## The Supply Curve The Relationship between Price and Quantity Supplied

The quantity supplied of any good or service is the amount that sellers are willing and able to sell. There are many determinants of quantity supplied, but once again, price plays a special role in our analysis. When the price of ice cream is high, selling ice cream is profitable, and so the quantity supplied is large- Sellers of ice cream work long hours, buy many ice-cream machines, and hire many workers. By contrast, when the price of ice cream is low, the business is less profitable, and so sellers produce less ke cream. At a low price, some sellers may even choose to shut down, and their quantity supplied falls to zero. This relationship between price and quantity supplied is called the law of supply. Other things equal, when the price of a good rises, the quantity supplied of the good also rises, and when the price falls, the quantity supplied falls a> well.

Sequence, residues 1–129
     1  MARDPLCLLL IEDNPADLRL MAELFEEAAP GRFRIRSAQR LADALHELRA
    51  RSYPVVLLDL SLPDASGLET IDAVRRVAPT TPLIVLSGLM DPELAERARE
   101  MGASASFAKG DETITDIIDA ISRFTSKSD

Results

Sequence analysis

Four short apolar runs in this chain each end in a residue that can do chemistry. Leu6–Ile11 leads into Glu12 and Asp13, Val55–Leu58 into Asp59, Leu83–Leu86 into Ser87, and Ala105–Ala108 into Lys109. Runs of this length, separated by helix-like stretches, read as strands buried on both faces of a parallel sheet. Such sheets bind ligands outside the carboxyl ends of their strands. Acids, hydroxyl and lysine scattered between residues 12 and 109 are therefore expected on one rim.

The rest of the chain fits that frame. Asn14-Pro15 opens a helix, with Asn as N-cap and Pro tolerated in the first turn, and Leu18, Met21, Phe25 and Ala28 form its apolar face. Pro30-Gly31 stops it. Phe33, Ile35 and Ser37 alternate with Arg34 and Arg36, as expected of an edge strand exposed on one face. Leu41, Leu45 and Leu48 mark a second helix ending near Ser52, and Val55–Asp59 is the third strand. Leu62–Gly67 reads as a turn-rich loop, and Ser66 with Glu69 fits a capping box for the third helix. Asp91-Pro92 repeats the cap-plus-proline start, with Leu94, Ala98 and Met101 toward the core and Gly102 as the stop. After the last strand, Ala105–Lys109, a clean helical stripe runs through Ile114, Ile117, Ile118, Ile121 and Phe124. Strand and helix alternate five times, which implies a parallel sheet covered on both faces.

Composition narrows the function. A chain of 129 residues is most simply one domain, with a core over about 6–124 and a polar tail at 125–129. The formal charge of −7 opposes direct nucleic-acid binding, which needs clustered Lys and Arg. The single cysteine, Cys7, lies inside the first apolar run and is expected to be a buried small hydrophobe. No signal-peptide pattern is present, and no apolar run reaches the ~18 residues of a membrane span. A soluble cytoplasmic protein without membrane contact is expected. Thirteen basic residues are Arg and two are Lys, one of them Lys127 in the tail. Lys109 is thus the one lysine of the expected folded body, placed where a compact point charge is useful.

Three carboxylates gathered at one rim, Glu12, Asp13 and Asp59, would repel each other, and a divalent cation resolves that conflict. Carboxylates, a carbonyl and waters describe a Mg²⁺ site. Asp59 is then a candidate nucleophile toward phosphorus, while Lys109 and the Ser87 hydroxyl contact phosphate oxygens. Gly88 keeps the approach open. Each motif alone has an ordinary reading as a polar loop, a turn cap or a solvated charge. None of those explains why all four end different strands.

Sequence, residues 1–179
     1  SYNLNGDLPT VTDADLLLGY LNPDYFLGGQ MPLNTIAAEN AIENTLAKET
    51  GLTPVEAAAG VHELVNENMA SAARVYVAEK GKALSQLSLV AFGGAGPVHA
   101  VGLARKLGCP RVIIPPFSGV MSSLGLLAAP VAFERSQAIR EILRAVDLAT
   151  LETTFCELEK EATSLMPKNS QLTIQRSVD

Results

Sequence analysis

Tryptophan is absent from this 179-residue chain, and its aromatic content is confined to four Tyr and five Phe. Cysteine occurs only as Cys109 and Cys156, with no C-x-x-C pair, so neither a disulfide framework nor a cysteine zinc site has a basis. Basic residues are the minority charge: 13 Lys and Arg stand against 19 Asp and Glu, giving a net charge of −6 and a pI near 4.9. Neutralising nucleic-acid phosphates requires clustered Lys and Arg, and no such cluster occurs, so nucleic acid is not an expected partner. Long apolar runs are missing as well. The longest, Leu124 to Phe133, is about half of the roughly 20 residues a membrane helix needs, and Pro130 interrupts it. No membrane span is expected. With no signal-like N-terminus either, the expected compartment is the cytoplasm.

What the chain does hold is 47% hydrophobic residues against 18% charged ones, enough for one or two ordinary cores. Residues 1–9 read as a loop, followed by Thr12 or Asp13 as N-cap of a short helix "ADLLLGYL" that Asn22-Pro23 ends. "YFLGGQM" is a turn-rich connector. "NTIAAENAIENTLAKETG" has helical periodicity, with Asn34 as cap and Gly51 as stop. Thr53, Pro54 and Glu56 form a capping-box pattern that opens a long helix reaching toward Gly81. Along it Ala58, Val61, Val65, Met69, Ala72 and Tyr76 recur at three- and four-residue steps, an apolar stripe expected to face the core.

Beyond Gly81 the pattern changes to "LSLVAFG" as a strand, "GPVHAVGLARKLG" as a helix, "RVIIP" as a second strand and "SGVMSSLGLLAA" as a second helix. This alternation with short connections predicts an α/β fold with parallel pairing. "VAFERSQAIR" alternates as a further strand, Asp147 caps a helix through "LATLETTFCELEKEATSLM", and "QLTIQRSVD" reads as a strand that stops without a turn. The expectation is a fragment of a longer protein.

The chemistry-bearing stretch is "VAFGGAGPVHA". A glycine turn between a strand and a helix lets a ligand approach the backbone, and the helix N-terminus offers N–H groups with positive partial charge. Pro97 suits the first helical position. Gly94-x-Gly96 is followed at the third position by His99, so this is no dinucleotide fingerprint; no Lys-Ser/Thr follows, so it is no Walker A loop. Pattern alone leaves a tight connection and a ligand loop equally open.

The table in Figure ? shows the quantity of ice-cream cones supplied each month by Ben, an ice-cream seller, at various prices of ice cream. At a price below \$1.00, Ben does ix>t supply any ice cream at all. As the price rises, he supplies a greater and greater quantity. This is the supply schedule, a table that shows the relationship between the price of a good and the quantity supplied, holding constant everything else that influences how much producers of the good want to sell.

The graph in Figure 5 uses the numbers from the table to illustrate »Ik- law of supply. The curve relating price anil quantity supplk-d is called the supply curve. The supply curve slopes upward because,other things equal,a higher price means a greater quantity supplied.